“I’m sorry, sir” the Security man seems to be genuinely apologetic as he handcuffs Steve and presses the button for the guard to come and take him away. “I’m sure it’s just a mistake sir, easily sorted. Don’t panic!”
©David Jesson, 2019
Rowena had been having one of those mornings. Despite waking up before her alarm went off, somehow everything seemed to have gone wrong.
She was clutching her third mug of coffee, having spilt the first two. The first had gone all over her bed, forcing her to rip off the sheets to save spoiling her mattress. The second had gone all over the kitchen floor, but she’d only had time for a cursory mop up, so she didn’t slip and fall. To top it all, she’d have to drop into the cleaners on her way to work and shell out for their expensive same day service on her duvet – it was her only one and it was way too cold to go without.
An important part of Rowena’s morning routine was a leisurely hot shower and hair wash. But this morning, she’d dropped her soap and her shampoo innumerable times, forcing her to slow down even more, as she was afraid the bath surface had become extra slippery and she’d fall. The last time that happened, it had been spectacular. She’d managed to do a complete flip over and end up spreadeagled on the bathroom floor, missing – more by luck than judgement – both the toilet and the basin. Still, there’d been some very colourful bruising and more than one or two aching muscles for a week after.
Despite needing to get dressed while having breakfast so she’d make up some time, Rowena hadn’t dared do so in case she spilt that third mug. So she’d forced herself to sit down at the kitchen counter while eating her granola and yoghurt. Her coffee being still too hot to drink, she’d grabbed her phone out of her handbag, and promptly spilt the contents all over the floor.
Having managed to hold back tears, Rowena had shovelled the spilled items back into her bag. Unfortunately, her ID card slipped under the cupboard unoticed. Before she’d a chance to go through the contents carefully as she’d planned to do, she was distracted by the fact that her phone wasn’t opening in its usual manner. No matter how many times she’d pressed her thumb against the button, it wasn’t budging, and now it was demanding her passcode. That had caused the tears to flow. It was a new phone and she’d taken the risk to go without insurance. Had one of those mugs of coffee splashed it?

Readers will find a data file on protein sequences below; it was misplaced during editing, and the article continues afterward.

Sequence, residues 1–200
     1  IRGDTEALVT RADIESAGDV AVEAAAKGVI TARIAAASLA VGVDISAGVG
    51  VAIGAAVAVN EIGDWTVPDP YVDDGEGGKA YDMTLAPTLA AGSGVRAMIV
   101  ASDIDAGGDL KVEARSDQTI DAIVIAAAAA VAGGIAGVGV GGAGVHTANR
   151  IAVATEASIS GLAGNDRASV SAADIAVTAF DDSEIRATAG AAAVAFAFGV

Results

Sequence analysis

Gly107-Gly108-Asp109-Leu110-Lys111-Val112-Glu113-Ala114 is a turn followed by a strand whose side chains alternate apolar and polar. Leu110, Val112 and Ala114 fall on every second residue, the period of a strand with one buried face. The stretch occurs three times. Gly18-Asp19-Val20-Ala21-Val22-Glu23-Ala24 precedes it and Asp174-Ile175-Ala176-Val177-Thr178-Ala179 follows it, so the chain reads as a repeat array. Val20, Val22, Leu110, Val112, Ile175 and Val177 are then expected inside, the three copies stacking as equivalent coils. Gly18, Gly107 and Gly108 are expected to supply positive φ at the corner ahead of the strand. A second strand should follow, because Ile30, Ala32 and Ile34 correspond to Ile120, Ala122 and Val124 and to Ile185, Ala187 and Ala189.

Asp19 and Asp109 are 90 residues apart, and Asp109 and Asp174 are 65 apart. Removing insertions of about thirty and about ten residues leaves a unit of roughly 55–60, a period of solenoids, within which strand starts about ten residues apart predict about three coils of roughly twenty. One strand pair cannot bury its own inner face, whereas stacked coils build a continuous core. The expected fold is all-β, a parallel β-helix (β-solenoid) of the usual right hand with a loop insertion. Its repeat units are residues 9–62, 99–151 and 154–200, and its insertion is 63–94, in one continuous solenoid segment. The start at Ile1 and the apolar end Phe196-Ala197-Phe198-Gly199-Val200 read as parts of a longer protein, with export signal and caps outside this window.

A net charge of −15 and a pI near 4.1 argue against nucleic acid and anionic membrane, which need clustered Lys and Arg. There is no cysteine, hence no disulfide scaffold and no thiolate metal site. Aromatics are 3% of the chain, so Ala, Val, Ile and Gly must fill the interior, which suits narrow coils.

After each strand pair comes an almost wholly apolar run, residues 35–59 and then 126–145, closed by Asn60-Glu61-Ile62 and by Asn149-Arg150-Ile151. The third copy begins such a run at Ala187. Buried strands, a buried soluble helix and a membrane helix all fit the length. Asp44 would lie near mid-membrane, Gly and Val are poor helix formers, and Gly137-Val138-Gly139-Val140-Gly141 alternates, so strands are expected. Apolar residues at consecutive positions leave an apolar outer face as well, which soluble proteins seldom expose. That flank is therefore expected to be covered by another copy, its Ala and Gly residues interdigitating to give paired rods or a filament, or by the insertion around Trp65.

Tears done, Rowena’d stopped to take a few deep breaths in an attempt to calm down. Remembering her passcode, her relief when it worked almost caused the tears to return. Deciding against that third mug of coffee, Rowena’d focussed on dressing for work. Suited and booted, make-up carefully applied to hide the blotchy complextion from the morning’s tears, she’d stopped for a moment in the kitchen. Lucky she had – for that’s when she’d caught sight of her ID card.
Sadly for Rowena, there’d be more mornings like this one; so many it’d caused her to doubt her sanity. She’d see a doctor who, after running a battery of tests to no avail, suggested she see “someone”. Nothing had helped, nothing that is, until the night she’d sat drinking in a bar. Drinking till she was so drunk, she’d fallen over and been arrested.
Then it had started to make sense. Well, to Rowena anyway, although everyone looked at her as if she were a specimen in a jar … for someone else’s fingerprints had been grafted over her own. They still didn’t know why, but now Rowena understood how come her fingers had felt like strangers.
And they’d promised to remove the strangers, so she could have her own back. Not yet, but someday soon.
© Debra Carey, 2019
You can find a characteristically macabre take on the prompt by Stuart Nager over at Tale Spinning…